Local students discuss substance abuse at United Nations

By Eric Banford
Tompkins Weekly

A group of local students recently had the opportunity to make a presentation about substance abuse to a worldwide audience.

Photo by Eric Banford / Tompkins Weekly
More than two dozen local students recently gave a presentation about susbtance abuse at the UN, organized by Gertrude Noden. From left are Noden, and
Trumansburg students Arianna Wright, Erin Harrigan and Wren Martinson.

A contingent of 17 students from New Roots Charter School in Ithaca and Charles O. Dickerson High School in Trumansburg researched issues related to substance abuse, interviewed experts, designed an action plan, and then presented their ideas at a briefing before around 150 people in New York City and a videocast to all UN affiliates and non-governmental organizations (NGOs) worldwide.

The project was initiated by Gertrude Noden, a Global Education Motivator and founder of Words into Deeds. Through the GEM initiative she met with Jeff Brez, director of NGOs for the United Nations Department of Public Information, to discuss strategies for bringing more Central New York students to the UN, and agreed on the topic for a presentation on youth perspectives on substance abuse.

Noden then met with Ithaca Mayor Svante Myrick, whose proposal to open a supervised heroin injection facility sparked conversation nationally, who agreed to participate. She then connected with Sue Schwartz and Kerry DeLisa at New Roots, and Jane George at Dickerson, and submitted grant proposals to fund the project, receiving a grant from the Community Foundation of Tompkins County (Lane Family Fund) to cover its costs.

Finally, she formally applied to the UN-DPI for a Youth Voices briefing – hers was one of the two chosen from applications from the 1,200 NGO affiliates.
“The kids were amazing, they really came through,” said Noden. “We only had two rehearsals, but these kids set their intentions and were just really in tune. One audience member said it was the best presentation he’d seen in five years.”

Noden was really impressed with how the students matured during the whole experience.
“They were moving away from misconceptions, stereotypes, and prejudice towards people who use drugs, and really humanizing those people as individuals deserving dignity,” she said. “There was a shift toward caring, empathy, and personal perspective development.”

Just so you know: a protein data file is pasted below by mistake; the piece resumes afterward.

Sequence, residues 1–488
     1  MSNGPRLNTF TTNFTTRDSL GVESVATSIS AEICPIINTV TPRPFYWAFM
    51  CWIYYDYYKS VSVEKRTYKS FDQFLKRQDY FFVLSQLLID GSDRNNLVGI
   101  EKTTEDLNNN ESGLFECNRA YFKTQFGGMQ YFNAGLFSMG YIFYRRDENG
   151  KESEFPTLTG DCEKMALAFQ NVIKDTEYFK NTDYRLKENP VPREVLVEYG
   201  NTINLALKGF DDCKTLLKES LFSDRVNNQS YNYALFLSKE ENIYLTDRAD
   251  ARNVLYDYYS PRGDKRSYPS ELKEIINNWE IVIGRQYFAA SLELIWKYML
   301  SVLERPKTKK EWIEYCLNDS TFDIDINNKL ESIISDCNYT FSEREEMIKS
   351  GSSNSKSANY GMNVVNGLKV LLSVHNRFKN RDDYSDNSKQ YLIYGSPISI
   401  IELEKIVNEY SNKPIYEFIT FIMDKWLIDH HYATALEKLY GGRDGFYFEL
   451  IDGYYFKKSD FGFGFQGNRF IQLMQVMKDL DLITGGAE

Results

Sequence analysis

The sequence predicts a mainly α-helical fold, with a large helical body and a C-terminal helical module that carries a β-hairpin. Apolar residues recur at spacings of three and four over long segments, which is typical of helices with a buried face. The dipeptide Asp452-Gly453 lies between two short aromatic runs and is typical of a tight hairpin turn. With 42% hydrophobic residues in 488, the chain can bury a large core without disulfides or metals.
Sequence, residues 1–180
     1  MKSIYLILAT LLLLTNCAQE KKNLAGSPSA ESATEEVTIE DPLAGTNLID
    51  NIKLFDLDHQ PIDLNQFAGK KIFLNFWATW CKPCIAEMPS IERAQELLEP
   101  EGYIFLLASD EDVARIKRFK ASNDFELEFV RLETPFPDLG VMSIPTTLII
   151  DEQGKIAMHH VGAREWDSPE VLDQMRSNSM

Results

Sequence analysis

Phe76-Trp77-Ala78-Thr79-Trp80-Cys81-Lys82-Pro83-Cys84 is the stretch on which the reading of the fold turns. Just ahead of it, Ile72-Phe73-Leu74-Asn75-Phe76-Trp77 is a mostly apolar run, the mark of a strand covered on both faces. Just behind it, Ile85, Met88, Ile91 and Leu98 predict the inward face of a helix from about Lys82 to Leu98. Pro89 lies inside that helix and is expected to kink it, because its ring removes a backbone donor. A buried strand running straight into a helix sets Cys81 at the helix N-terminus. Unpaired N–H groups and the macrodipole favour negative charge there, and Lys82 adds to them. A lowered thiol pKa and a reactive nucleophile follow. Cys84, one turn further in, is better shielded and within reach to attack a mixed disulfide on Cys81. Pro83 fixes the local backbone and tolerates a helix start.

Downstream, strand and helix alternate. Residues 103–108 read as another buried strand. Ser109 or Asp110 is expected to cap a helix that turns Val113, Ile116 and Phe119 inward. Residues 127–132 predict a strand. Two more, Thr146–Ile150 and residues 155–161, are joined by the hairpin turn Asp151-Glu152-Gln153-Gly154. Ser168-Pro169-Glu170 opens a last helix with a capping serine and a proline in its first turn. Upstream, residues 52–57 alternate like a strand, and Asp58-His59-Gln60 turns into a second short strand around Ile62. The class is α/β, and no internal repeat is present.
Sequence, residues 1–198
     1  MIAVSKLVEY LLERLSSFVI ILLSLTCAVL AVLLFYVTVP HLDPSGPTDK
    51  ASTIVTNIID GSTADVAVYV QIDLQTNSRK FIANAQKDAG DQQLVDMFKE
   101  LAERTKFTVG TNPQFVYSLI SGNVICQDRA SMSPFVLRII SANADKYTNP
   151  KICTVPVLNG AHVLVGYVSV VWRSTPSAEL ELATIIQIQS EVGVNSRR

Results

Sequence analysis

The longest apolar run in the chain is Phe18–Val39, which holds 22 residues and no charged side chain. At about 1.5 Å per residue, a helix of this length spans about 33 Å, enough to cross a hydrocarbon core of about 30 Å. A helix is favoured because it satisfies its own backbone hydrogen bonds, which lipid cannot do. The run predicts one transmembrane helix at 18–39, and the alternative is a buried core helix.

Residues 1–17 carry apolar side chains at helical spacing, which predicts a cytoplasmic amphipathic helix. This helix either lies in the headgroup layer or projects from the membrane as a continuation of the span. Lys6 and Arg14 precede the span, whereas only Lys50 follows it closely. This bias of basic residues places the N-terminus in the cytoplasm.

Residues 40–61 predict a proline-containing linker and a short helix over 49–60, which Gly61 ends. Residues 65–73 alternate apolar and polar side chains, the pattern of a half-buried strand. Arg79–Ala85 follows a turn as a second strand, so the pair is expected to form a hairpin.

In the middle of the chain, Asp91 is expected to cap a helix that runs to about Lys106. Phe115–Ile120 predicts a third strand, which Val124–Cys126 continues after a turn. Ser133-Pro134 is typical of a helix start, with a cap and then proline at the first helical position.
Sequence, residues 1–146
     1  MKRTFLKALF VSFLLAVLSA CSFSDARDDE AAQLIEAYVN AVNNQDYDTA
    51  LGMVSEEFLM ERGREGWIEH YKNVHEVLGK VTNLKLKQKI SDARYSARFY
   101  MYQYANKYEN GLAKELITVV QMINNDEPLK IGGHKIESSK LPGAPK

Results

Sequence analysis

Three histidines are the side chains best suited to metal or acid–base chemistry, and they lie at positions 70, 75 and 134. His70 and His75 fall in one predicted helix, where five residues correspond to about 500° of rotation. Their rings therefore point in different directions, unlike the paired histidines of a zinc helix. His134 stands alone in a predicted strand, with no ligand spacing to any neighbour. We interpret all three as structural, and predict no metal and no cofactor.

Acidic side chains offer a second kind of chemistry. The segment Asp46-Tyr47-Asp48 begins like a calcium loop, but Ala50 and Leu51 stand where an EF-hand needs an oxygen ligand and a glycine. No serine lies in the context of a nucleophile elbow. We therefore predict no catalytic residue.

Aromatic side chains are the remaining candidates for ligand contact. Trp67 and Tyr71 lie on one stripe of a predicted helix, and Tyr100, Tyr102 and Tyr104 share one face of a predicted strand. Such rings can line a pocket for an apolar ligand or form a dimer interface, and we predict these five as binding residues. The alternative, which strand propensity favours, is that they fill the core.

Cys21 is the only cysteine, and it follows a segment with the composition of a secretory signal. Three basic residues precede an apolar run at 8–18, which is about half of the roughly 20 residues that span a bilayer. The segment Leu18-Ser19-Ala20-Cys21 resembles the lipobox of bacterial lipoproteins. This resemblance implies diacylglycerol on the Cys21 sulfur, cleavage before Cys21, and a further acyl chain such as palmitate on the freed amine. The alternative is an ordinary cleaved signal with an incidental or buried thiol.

Erin Harrigan, a Trumansburg 9th grader, did her research on how substances affect the brain.
“I compiled information on how substances effect the brain as it’s developing, like for kids our age who might be using for the first time,” she said. “How the brain becomes addicted and why it’s so hard to stop using.”

Harrigan’s research helped her to destigmatize how she thinks about people who use drugs.
“It might be your choice to start using or you get pressured into it, but then your brain takes hold and it’s a cycle that is very hard to break away from,” she said.

Wren Martinson focused her efforts on raising awareness about the drug problem in general.
“It happens in your area too, it’s not one of those things that doesn’t happen here,” said the Trumansburg 9th grader. “Before this project I didn’t know the scale of the problem.”

Martinson was impressed that students from a “small town” were able to have their say on the global stage of the UN.
“It was cool how open it was and how fluid it was for us to be there,” she said. “The process that we went through really helped us to look at problems and see how you can solve them.”

Arianna Wright, also a freshman in Trumansburg, researched genetic predisposition to drug use, something that impacts her directly as her parents have both been addicts.
“Fifty percent of addicts have a genetic predisposition, so for many of them it’s really not their fault,” she said. “Addicts have feelings, and they have reasons for starting and for stopping drugs.
“For example, my Dad was an addict but he got me and my siblings back, and now he’s like ‘Wow, my life is going great so I guess I should stop,’” Wright added.

Students studied the Universal Declaration of Human Rights and other human rights documents.
Harrigan realized that “many people are denied those rights because drug abuse is so stigmatized that people think you don’t deserve help.”
“Everyone has a right to try to do better for themselves and to seek treatment and have someone believe in them,” she said, adding she liked that the UDHR recognized that education is the start of most things, namely, “education that allows you to think critically for yourself instead of educating you how to think.”

Jane George, a Trumansburg English teacher who advised the students, said “it was a very proud moment watching my students present.”
“This was the first time any of them did this kind of work and presented at this level,” she said. “They were all very nervous leading up to the forum but they were amazing and really got their message across.”

George hopes that other schools will get involved in similar opportunities outside the classroom.
“I will be teaching a class next year called Global Humanism that will focus on research and projects with the intent of taking students to the Annual Youth Leadership Conferences at the UN,” she said. “Our students are the future and we should listen to what they have to say, now!”

Students will continue to implement their outreach activities, targeting, in particular, the Southern Tier Aids Program, the Alcohol and Drug Council of Tompkins County, and the Ithaca Rescue Mission, and will also expand their information distribution.

They’ll be bringing their presentation to the local community as well, with an event scheduled for 6 p.m. Friday, May 19, at the Hangar Theatre. The program is open to all and funds raised will support the services mentioned above.